Yen Critical Decision Point

Yen Inverse H&S Bottom (Red Neckline) vs Blue Falling Megaphone

Yen Inverse H&S Bottom (Red Neckline) vs Blue Falling Megaphone

Yen futures have completed an inverse head and shoulders bottom with a megaphone right shoulder (silver) on the drop out of last August’s high.

The yen has just retraced to VWAP (the volume-weighted average price) of that megaphone right shoulder and is now legal for a breakout upwards from the inverse H&S (purple scenario).

But if the yen can break down through VWAP for a trip to the megaphone bottom, if will put in a new low for the move out of the August high and confirm the blue falling megaphone.  That would be nice to see because it would usually provide a strong set-up for a melt-up to the formation top (green scenario).

The yen could also bog down forming megaphones inside megaphones across the silver megaphone VWAP (pink scenario).  This would usually mean a continuation triangle before a move to a new low to complete a wider falling megaphone.

6 Comments (To enlarge images, right click on image & then click "view image") → Yen Critical Decision Point

  1. snake oiler

    great analysis as usual, Moe. question: if megaphone shoulders are more indicative of reversals than triangle shoulders, does the shape of the triangle shoulder reinforce the bias (ascending triangle vs. descending)?

    If this helps anyone, the hourly time frame on yen futures looks like there is passive selling on offers over 8855 (see moe’s white paper on the inventory effect).

    Say, did you go to the Blackjack ball? Dancer/Munchkin had some warm words about Arnold Snyder (and his mic) on their podcast.

    Reply
    1. Trader-Moe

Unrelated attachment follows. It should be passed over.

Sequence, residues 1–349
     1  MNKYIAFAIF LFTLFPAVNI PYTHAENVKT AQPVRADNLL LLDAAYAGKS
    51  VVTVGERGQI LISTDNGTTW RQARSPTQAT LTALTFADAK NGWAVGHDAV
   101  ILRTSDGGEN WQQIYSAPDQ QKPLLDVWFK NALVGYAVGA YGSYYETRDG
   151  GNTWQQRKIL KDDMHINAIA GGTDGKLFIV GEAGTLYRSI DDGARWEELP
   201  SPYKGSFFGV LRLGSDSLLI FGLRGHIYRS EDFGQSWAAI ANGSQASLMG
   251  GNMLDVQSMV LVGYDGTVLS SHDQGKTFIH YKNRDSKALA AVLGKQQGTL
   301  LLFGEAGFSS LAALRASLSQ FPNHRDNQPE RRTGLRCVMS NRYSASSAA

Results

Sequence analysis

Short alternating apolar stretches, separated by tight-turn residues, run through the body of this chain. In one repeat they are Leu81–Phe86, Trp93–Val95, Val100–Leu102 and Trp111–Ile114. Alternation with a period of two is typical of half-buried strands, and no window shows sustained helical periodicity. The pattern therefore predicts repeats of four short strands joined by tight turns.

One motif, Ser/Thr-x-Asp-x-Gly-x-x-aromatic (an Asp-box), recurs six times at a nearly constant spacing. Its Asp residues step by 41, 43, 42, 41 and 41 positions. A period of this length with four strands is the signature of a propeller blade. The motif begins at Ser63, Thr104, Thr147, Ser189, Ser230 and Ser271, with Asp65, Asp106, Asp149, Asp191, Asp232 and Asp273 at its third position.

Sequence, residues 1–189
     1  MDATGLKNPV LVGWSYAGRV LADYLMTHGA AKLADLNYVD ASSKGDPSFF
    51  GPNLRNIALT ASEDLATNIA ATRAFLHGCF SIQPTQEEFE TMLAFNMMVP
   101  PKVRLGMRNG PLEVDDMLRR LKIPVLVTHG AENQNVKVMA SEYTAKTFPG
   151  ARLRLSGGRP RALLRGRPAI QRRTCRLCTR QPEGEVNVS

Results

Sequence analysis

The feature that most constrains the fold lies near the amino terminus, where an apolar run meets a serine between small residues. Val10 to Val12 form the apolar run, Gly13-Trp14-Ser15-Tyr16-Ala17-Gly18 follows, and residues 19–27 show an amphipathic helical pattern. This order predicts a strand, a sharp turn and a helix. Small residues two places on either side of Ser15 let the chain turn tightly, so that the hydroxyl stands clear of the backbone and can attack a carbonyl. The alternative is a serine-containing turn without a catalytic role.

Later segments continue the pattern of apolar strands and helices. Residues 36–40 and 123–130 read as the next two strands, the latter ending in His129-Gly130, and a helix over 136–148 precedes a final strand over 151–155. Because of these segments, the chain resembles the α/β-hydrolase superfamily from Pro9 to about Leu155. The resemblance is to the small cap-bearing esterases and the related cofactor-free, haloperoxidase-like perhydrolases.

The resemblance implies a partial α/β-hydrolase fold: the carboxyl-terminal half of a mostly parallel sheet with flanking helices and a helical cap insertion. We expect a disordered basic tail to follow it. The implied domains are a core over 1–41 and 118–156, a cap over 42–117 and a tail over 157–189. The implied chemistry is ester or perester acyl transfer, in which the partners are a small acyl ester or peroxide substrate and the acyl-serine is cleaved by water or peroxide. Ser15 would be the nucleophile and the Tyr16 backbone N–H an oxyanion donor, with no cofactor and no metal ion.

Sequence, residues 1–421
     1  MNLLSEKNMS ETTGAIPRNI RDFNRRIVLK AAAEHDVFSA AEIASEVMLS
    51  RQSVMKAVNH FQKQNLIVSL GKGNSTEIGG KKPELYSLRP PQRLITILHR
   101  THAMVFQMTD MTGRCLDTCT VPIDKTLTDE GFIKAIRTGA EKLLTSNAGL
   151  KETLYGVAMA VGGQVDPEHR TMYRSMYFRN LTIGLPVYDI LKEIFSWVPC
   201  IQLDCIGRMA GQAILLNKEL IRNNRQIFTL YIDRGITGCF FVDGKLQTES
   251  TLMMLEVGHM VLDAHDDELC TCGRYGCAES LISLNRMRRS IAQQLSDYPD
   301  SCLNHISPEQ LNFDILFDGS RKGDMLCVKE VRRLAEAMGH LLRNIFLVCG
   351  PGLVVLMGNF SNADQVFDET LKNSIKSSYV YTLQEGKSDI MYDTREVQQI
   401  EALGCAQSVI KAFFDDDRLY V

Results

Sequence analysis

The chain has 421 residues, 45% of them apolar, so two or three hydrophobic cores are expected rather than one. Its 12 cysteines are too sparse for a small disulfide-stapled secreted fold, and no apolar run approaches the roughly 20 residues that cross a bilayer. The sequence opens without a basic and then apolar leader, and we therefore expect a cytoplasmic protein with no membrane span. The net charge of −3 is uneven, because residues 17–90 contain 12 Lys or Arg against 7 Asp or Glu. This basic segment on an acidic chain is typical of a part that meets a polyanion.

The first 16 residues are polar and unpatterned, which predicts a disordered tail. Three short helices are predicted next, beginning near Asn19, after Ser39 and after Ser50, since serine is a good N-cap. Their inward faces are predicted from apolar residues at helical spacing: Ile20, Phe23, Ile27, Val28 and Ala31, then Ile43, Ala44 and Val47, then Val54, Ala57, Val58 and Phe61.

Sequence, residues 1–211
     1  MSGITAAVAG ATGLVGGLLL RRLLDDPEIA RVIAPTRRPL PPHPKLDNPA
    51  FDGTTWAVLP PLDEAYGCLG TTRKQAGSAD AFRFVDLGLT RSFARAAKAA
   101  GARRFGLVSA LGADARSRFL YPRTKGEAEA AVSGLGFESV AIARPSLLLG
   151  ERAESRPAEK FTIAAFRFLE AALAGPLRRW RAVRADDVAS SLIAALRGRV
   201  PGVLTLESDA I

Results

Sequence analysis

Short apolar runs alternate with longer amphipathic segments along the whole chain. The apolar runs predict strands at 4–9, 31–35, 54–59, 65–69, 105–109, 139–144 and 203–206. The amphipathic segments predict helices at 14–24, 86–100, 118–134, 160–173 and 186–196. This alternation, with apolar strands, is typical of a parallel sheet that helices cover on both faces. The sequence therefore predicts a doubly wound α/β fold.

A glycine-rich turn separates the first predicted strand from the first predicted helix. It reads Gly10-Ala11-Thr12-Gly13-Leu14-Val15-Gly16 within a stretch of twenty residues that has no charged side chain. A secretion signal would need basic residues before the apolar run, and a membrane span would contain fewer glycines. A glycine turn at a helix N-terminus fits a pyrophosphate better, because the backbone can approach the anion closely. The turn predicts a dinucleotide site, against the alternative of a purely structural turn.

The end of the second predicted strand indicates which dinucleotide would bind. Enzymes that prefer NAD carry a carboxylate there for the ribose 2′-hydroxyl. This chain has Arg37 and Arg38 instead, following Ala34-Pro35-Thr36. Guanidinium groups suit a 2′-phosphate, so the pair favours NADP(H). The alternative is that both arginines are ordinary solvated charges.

Snake Oiler, yes, one of the strongest set-ups you can ever see is a head and shoulders with a rising wedge right shoulder for a downwards breakout or an inverse head and shoulders with a falling wedge right shoulder for an upwards breakout.

      I didn’t make it to the Blackjack Ball this year (I usually go). But Dancer, Munchkin and Snyder are all good friends/former teammates. Thanks for the heads up–I’ll have to ask them about it.

      Reply
      1. snake oiler

        without regard to order flow/queues, I would have thought that a descending triangle shoulder on H&S would be lead to scarier downward breakouts.
        But what you’re saying makes sense: a wedge pattern helps make the H&S visual more compelling.

        Reply
        1. Trader-Moe

          Snake Oiler, H&S patterns are so well known that right shoulders should be a straight-out repricing from the neckline price to the price at roughly the level of the top of the left shoulder.

          If instead the right shoulder is getting sold into (a rising wedge), it’s big money desperately trying to get out before the crash.

          Reply

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